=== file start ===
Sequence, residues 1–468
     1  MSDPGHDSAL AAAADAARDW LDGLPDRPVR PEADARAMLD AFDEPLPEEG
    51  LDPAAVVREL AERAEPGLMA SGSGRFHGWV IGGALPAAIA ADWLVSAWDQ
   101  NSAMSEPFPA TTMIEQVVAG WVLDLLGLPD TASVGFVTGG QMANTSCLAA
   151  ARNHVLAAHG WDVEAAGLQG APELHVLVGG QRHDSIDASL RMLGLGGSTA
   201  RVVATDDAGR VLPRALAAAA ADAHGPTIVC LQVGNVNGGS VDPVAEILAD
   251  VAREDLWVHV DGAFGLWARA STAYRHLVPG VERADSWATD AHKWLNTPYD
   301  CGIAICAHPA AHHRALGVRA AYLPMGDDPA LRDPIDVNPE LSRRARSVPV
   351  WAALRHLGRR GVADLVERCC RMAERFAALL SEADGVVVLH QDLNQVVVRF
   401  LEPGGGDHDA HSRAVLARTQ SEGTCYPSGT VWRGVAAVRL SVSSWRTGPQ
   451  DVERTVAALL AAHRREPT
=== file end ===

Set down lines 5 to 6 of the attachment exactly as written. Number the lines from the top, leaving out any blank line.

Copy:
   151  ARNHVLAAHG WDVEAAGLQG APELHVLVGG QRHDSIDASL RMLGLGGSTA
   201  RVVATDDAGR VLPRALAAAA ADAHGPTIVC LQVGNVNGGS VDPVAEILAD